As Real Estate Professionals, we are in a “show me” business. That’s what sales is about . . . especially full commission sales. We have to demonstrate to our prospects and clients that we add value and are worth our fee. I know there is a large percentage of you who just cringed or had a negative reaction move through your body when I called us salespeople. Too many Agents don’t like to be “labeled” as salespeople. A Great Realtor or Agent is proud that he is a salesperson. Honestly, I grow weary of Agents telling me that they are Marketing Experts, Service Consultants, Client Care Consultants, and on and on. We create all these fancy, fictitious titles to make us feel better, so we don’t have to call ourselves what we are . . . salespeople!

You work in a sales-based business. Be proud of your sales heritage. Your ability to acknowledge and enhance a sales philosophy to attract and convert prospects into clients will determine your success and your income.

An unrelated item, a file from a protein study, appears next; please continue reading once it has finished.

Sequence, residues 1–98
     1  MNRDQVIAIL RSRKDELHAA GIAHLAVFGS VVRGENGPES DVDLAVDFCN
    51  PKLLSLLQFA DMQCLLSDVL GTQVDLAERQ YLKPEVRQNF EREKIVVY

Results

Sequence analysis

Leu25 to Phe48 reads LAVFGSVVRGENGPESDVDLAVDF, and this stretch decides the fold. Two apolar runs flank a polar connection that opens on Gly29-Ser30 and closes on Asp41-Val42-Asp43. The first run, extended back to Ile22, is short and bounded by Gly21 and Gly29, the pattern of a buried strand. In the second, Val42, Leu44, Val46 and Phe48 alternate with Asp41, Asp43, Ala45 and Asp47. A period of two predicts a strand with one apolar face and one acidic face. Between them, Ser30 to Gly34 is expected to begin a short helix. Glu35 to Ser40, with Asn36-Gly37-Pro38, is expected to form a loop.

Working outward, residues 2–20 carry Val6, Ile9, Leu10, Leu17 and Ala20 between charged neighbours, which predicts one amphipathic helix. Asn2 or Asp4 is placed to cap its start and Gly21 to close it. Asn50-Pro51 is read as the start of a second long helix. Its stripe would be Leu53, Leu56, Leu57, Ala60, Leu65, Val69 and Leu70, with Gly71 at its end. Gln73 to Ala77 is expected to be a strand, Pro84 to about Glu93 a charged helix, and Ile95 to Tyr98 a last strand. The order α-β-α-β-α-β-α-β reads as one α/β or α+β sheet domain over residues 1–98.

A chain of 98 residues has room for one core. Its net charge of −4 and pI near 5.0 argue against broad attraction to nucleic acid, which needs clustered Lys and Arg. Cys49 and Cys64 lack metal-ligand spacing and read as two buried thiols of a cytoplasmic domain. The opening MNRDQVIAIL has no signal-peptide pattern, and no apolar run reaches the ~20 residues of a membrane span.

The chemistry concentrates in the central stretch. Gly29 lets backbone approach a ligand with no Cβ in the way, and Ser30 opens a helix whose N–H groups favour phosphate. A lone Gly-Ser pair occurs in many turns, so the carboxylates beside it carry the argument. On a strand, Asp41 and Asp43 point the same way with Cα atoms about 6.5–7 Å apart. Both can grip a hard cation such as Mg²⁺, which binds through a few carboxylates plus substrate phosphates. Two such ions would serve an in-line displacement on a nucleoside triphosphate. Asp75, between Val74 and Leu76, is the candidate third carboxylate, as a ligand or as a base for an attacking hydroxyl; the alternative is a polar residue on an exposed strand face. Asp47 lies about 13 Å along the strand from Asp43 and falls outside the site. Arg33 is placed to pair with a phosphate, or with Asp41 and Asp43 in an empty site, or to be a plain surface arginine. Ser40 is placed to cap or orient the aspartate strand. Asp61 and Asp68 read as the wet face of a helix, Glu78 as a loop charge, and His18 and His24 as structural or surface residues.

Thanks for allowing me to rant…

Doubt is a pain too lonely to know that faith is his twin brother.

~ Kahlil Gibran

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About Lance Berwald, Coldwell Banker Burnet

I am a real estate aspirant and scholar. Always seeking to learn more about an every changing world and industry. Come and seek the truth about life, real estate and what motivates us each and every day!
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One Response to Perceptions

  1. Lance – Good post. I think that the real issue at the root, is that by enlarge, real estate agents are poor communicators. That can stem from many things, but the reality is that if your client perceives that the job is easy or that we are paid too much, then its the agents responsibility to change that perception. That takes two things: 1.) excellent communication skills and the ability to articulate their value 2.) professionalism and follow through – many agents lack this, so the first thing never had a chance.

    But – I don’t feel badly about this reality…as one agent’s failure is an opportunity to pick up business for the seasoned sales professional to come in and change that perception.